All That Jazz

Summarizing Jazz is a bit like tackling the proof of the divine or defining irony. Broad in scope, yet uniquely recognizable, you know it when you hear it and might be hard-pressed to distill it and its significance: born in African tradition against the backdrop of slavery, jazz has gifted us with immeasurable talents, touchstones, and legends. Louis Armstrong, Duke Ellington, Charlie Parker, Billie Holiday, John Coltrane, Ella Fitzgerald, and countless others are embedded indelibly beside each other and each nuanced version of the artform into America’s mosaic and beyond.

Genre’s timelessness has made it ripe for rediscovery by each new generation since Miles Davis. As 2018 high school freshman are plunking down cash for vinyl, industry insiders are observing the renewed opportunity for identifying and servicing a fluid jazz listener-base.

Though transitioning to digital at a mild place, and perhaps not the most obviously digital-ready milieu, the world of jazz is indeed proving its readiness for prime time. Streaming numbers continue to increase, shining the spotlight on further opportunities and initiatives seeking to reach terrestrial radio ears.  Spotify recently shared with the BBC that the number UK users under the age of 30 listening to their flagship Jazz UK playlist has seen a staggering increase of 108%.  It’s a number echoed by Amazon as well as Deezer.

Scott Hall, director of Jazz Studies at Columbia, attributes the resurgence in interest to musicians’ improvisation and experimentation. “It seems like the barriers have been broken down,” Hall said. Hall has observed the increased interest in his classroom as well. “The younger generation, they understand and appreciate the significance of the jazz language for developing their own personal style.”

“It’s easier for musicians coming from different worlds to collaborate.” Chris Chisholm, co-owner of Chicago’s Andy’s Jazz Club and Restaurant, recently told the city’s Chronicle that he’s observed a spike in millennial interest in jazz of late, noting more have attended shows at his club as well as others in the area including Jazz Showcase and the Green Mill.  The appeal may in part be due to the youth of the performers. As co-owner (and brother) Brandon Chisholm noted, some of the finest musicians to perform at Andy’s have been between the ages of 20 and 26.

Play MPE is thrilled to be a part in continuing to reach these new jazz audiences digitally. Michael Ambrosino of Jazz Week Summit shared with us recently “Play MPE has done a wonderful job creating a platform that allows record labels, promoters and broadcasters to post, preview and download music in a way that works with everyone’s digital workflow. In an industry that continues to struggle with the dilemma of analog versus digital media, Play MPE has created a clear and powerful way forward.”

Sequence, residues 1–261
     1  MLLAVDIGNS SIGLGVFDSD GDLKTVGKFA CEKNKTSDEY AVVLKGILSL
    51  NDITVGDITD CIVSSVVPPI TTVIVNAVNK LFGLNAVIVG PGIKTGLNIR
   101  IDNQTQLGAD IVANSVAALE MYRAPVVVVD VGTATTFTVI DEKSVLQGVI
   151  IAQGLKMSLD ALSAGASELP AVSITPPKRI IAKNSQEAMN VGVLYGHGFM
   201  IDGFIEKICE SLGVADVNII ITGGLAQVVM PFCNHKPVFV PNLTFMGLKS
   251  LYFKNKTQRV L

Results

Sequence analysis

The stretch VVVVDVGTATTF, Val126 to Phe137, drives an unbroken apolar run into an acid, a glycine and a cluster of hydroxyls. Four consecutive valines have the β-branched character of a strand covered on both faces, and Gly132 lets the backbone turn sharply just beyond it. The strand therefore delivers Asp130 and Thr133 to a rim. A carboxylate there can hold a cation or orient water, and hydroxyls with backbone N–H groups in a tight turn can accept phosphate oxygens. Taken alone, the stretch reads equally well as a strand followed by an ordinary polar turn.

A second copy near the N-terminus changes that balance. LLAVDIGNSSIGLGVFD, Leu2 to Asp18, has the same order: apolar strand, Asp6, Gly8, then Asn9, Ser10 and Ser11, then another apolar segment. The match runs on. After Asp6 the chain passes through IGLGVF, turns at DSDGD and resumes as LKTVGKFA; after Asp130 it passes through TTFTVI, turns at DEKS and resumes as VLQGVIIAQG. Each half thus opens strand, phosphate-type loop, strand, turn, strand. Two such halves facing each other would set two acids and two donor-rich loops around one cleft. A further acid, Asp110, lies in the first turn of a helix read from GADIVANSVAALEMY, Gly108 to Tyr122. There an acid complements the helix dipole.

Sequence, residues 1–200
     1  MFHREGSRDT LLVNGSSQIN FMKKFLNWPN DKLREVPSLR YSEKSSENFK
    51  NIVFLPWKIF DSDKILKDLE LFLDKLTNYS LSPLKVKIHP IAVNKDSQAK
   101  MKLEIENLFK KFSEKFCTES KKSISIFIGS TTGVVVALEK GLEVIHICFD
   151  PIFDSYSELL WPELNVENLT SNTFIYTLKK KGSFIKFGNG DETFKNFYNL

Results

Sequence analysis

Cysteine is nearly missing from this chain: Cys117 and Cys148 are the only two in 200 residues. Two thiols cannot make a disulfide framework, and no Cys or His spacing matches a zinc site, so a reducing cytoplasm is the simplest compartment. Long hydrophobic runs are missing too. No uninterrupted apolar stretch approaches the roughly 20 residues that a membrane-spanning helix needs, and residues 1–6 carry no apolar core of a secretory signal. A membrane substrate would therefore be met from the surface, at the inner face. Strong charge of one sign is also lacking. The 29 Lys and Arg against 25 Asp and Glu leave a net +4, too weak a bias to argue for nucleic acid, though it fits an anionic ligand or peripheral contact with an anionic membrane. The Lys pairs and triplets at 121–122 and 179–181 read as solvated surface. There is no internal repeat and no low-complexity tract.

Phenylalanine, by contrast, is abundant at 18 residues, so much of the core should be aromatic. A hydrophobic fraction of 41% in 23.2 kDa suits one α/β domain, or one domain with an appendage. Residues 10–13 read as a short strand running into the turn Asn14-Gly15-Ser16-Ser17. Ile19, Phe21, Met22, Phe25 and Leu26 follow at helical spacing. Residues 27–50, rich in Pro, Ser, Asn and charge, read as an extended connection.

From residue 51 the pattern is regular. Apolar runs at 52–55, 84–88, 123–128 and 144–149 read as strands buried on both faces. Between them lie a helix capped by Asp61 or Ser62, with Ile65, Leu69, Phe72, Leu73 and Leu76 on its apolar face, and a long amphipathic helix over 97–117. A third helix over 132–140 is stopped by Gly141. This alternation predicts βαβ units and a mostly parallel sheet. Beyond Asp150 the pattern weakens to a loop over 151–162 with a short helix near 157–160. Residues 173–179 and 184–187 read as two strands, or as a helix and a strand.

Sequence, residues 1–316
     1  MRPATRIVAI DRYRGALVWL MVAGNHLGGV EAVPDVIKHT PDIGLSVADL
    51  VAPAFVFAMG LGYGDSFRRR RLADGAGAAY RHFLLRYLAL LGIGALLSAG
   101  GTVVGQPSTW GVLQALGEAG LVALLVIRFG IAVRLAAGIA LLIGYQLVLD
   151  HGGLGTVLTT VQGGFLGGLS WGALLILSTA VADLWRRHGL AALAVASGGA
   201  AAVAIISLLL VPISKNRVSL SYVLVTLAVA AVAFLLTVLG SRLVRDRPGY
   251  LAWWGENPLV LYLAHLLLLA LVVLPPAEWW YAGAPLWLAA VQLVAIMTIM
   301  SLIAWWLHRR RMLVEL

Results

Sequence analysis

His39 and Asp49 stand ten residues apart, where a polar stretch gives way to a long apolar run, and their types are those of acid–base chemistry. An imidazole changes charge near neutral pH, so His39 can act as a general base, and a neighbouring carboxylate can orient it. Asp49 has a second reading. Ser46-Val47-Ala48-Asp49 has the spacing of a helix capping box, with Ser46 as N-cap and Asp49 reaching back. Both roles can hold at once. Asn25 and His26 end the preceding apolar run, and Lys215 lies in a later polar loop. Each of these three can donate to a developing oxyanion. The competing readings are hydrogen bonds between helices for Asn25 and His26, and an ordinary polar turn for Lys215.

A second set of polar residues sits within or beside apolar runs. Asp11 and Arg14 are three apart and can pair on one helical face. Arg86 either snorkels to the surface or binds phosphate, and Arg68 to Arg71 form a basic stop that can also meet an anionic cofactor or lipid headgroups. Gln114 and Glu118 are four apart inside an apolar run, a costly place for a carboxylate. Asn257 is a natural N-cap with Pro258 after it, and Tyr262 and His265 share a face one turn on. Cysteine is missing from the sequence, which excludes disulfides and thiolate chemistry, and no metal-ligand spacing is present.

Decca Records president Rebecca Allen recently spoke of the transition of traditionally brick and mortar fanbases to digital consumption. “We work really closely with all of our digital partners, and we’ve had loads of positive discussions this year around how we reach the more mainstream audiences that we at Decca have traditionally excelled at with physical sales. I just want to build upon those partnerships and upon those great conversations and the relationships we have with them in the next year, take them to the next level and be able to apply our creative marketing to that.”

The continued increase in the accessibility of tools with which we access music is a continuing and growing factor. As Allen shared, “We know that once somebody has a device in their home that they are more likely to stream music, and we know they are more likely to listen to more music as a whole. So as soon as we can have people interacting with these devices and with the platforms and with their playlists, we know that it means generally that the listening habit will go up. So, it’s just moving that audience, educating them and getting them across that first hurdle. That’s what we like to discuss with our partners and what we are working with them on.”

Ultimately, users continue to evolve at a pace in lock step with the growth of the artform itself. The Thelonious Monk institute of Jazz assures students “traditional, straight ahead, contemporary mainstream and acoustic jazz will continue to prosper just as up-and-coming jazz musicians inspired and influenced by blues, swing, bebop, and hard bop, will continue to push the musical envelop within the traditional acoustic jazz combo setting.”

In sync with an artform devoted to perpetual motion, technology remains fluid, adapting to the ever-changing interest of audiences, those both arrived and waiting.  To check out the latest in Jazz via Play MPE, login into your Play MPE Player!

Leave a Reply

powered by